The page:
Which to get - NEC PA series monitor or 4K monitor?

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Feb 18, 2015
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The problem with those D50 5000°K lighting booths on which Offset Litho press operators depend, is that they use a discontinuous spectrum fluorescent light source and they actually make it very hard to judge colour-balance perfectly.

I have always tried to be "On-Press" when my jobs are being printed and I take a printed proof sheet out into the car park to judge it by real daylight before finally signing-off on the job!

25 years ago the high-end CRT Barco and ColorMatch monitors (which were the "industry standard") were calibrated for 50K and were run at 1.8 gamma.

They were indeed both dim and yellow by today's standards and it was very difficult to judge how blue phosphors would be replicated by magenta+cyan inks.
Also much printing stock is coated with optical Brighteners so the appearance of the printed piece looks very different under UV-containing daylight.

I think that most people now set their screens to D65 and 2.2 gamma.
 
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Dec 3, 2009
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Meadville, PA
140 cd/m² is probably fine if you are only using the monitor for on-screen viewing and internet work but it is much too bright for print work because your printed results (both inkjet and offset litho) will always come out looking much darker than you expected.

100 cd/m² (or even slightly lower) would be a better setting if you print.

But do understand that the average Web-user will probably be running their monitor at its maximum brightness (160 cd/m² or brighter!) so your posted images will look much too bright and washed-out to those viewers. The ways in which others set their machines; and their choice of web browsers (most of them without any colour management capability!); is beyond our control.

I usually compromise and use 120 cd/m² for day to day work but I create, and save, a Spectrum profile for 100 cd/cd/m² as well so that I can switch to it on the fly as needed.

.....snipped here....
On my last monitor, 90 cd/m² is what I used because that allowed my prints to match what I saw. As I stated in my earlier post, I allowed SpectraViewII to run the calibration with a target of 140 cd/m² as that was its default setting. I was expecting to have to do it again at a lower setting. However, when I printed a test image on my Epson P800 using the approprite profile for the printer and paper, the print matched the monitor.

That is what I wanted. I want to edit an image in LR and PS and when I am finished print it. I want the print to look like it does on my screen (or at least as close as possible). That is what I have now. I was surprised to get it on the first attempt, and even more surprised to get it with a setting of 140 cd/m². But I did.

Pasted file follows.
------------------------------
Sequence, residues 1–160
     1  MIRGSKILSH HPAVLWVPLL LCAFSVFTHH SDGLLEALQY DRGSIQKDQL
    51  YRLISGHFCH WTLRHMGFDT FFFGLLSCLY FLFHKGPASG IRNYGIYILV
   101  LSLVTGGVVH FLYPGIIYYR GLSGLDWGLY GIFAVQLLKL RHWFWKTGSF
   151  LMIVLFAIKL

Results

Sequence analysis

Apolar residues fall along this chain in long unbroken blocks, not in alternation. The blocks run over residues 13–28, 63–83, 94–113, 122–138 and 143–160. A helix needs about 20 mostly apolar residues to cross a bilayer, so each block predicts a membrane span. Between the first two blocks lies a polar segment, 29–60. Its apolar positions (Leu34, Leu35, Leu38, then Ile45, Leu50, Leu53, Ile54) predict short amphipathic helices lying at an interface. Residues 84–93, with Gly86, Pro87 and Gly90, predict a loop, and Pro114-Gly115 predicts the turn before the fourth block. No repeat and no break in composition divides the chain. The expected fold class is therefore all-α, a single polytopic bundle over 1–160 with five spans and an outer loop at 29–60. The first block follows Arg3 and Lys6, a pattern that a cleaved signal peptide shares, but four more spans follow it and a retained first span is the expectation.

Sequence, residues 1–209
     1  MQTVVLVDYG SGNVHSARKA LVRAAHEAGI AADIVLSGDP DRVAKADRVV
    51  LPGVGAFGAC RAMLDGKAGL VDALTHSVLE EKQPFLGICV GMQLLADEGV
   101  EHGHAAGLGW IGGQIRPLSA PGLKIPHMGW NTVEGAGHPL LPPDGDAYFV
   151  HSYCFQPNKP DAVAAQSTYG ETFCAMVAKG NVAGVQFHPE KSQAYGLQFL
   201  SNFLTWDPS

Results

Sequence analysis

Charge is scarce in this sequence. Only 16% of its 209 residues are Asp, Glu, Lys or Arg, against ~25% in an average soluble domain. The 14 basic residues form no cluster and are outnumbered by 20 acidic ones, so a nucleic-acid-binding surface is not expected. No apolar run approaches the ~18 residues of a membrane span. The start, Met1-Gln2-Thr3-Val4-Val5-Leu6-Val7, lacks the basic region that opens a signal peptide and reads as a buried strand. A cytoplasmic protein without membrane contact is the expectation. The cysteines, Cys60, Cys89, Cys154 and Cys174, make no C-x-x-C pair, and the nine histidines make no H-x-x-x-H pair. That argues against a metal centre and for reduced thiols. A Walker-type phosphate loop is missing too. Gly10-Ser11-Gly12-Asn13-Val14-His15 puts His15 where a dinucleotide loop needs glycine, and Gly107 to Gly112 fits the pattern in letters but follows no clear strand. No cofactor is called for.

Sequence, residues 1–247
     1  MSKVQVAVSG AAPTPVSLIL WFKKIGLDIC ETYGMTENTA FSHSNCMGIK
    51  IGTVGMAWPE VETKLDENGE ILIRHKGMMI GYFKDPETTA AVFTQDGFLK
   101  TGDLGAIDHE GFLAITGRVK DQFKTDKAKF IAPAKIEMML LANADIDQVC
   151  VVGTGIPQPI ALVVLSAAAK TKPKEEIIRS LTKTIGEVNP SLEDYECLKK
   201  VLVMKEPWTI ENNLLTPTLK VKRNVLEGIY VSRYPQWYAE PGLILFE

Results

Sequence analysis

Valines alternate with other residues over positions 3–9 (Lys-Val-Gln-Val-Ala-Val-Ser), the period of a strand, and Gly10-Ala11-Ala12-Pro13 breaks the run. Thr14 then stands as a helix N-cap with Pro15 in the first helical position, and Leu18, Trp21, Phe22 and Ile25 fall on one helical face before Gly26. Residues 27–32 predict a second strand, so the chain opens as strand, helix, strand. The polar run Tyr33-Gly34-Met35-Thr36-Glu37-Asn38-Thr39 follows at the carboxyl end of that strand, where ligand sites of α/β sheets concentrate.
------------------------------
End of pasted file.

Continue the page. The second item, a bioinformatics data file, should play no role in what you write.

Bottom line is I don't care what the numbers are. I care that my prints match what I see on the screen... and for now they do.
 

Butlerkid

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On my last monitor, 90 cd/m² is what I used because that allowed my prints to match what I saw. As I stated in my earlier post, I allowed SpectraViewII to run the calibration with a target of 140 cd/m² as that was its default setting. I was expecting to have to do it again at a lower setting. However, when I printed a test image on my Epson P800 using the approprite profile for the printer and paper, the print matched the monitor.

That is what I wanted. I want to edit an image in LR and PS and when I am finished print it. I want the print to look like it does on my screen (or at least as close as possible). That is what I have now. I was surprised to get it on the first attempt, and even more surprised to get it with a setting of 140 cd/m². But I did.

Bottom line is I don't care what the numbers are. I care that my prints match what I see on the screen... and for now they do.
Sounds like you are liking your NEC! Congrats!
 
Joined
Jan 15, 2010
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UK
...I want to edit an image in LR and PS and when I am finished print it. I want the print to look like it does on my screen (or at least as close as possible). That is what I have now. I was surprised to get it on the first attempt, and even more surprised to get it with a setting of 140 cd/m². But I did.

Bottom line is I don't care what the numbers are. I care that my prints match what I see on the screen... and for now they do.
Good to hear that you are happy with your NEC.

No one should really be surprised at your figure of 140 cd/m2 and getting a print to screen match, 160 is not uncommon with bright print viewing.
 
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